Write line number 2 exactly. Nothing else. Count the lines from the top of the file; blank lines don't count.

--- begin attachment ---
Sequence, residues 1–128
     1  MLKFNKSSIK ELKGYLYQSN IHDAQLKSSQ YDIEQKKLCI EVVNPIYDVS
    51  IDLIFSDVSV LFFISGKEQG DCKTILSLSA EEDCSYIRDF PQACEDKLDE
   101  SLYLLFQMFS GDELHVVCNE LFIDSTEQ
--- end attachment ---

     1  MLKFNKSSIK ELKGYLYQSN IHDAQLKSSQ YDIEQKKLCI EVVNPIYDVS